Many Blessings,

  5. Please be aware, all the papayas in Hawaii are genetically modified organisms--YEP--GMOs. Not great for human consumption.

  6. Thanks for the feedback. Yes peaches can replace papaya as well as mango. Thanks Jillian for the tip on thawing out frozen peaches.

    Louise, we are well aware of the GMO seed contamination issue of papayas which is why we purchased organic (though Kauai has showed only traces of contamination). Even the papayas we bought here in Washington recently were Hawaiian organic (though not sure which island they came from). Thanks for sharing this info with everyone else reading. I should have mentioned it in my post. :)

  7. OK. My salsa recipe is not all that unusual, but it is getting us through this winter!

    Take Ali's Baked Pizza Sauce recipe, and add a couple of your favorite chili peppers--preroasted, skinned, seeded and chopped. We like to add a couple of Anaheims and a Serrano or two to a recipe worth. Or maybe a Poblano and a sweet red.

    Bags and bags are rapidly disappearing from our freezer......

  8. I was interested in what you said about scoring the unripe papayas. I buy papayas often here in California, but have noticed that when I buy them unripe, they are unpredictable in how they ripen. I have had many disappointing papayas... what does the scoring do for them? How many days will they keep on the counter after scoring them? Do they ripen faster that way? It seems to be a science choosing the right papaya, at least here!

  9. I made this last night and tossed it over spinach and red leaf lettuce. So so good. Thanks for the great recipes!

  10. Until I get a food processor - not a lot of salsa being chopped up here!

    I am curious though; I have read in recent years that papayas are a top GMO crop, but also read that no fruits or vegetables in our food supply are GMO as of yet (legumes and grains, yes). Can you shed some light on this? It is really hard to find solid GMO info online!

  11. Beautiful photos, Ali! And, lovely, simple recipe ... something I've come to look forward to here. :-) I love the sweeter salsas. I just read a post/recipe on fruit salsa, which was a combination of fruits served with tortillas cut into strips and topped with cinnamon. I can't wait to try that one, too.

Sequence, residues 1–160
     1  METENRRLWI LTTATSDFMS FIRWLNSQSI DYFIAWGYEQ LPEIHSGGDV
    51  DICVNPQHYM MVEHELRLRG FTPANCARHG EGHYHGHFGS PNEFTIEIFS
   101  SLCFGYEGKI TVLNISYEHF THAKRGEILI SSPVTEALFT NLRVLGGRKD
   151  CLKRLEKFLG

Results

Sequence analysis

12. One of my favorite salsa prep is to do this... this is a weight watcher s recipe.. and its a real yummy.. very very easy..

    one brown rice tortilla

    put in a flat skillet..
    put on top:

    some fresh salsa
    grated zucchini
    spoonfuls of black beans

    and some grated cheddar cheese on top.. let the whole thing warm up.. and then enjoy!

    Laura ( from Massachusetts)

  13. whoops ali...

    I shouldnt have added the cheese for the brown rice tortilla meal- since you are aiming for dairy free too.. you could do without. Its still very delicious because of the salsa itself.


  14. I haven't had papaya in a long while. This looks so delicious!

  15. Anon-
    About the scoring of the papaya...I was just taught to do this by my Grandpa (I grew up on Oahu for half of my childhood). He used to say that you do it when the papaya is mostly yellow with a little green at the top. The green part is where most of the sap comes out and leaves the papaya with less of a bitter taste. If you buy papayas too green, they will start to lose moisture before ripening and never really get rid of the bitter/sappy taste even if you score them. Ideally you would buy a papaya that will ripen within 2-3 days and you score them right when you get them home from the store.

    GMO info that I have enjoyed the most has come from Smith's "Genetic Roulette". I wrote a book review on this and was presented with some GMO handouts by the publisher. If you are interested in these, please e-mail me.
    And yes...papayas are a crop with GMO varieties in the food supply, and there are indeed other GMO fruits and vegetables in the food supply. When in Wisconsin this last Summer, it was hard NOT to find a GMO variety of corn growing in the fields.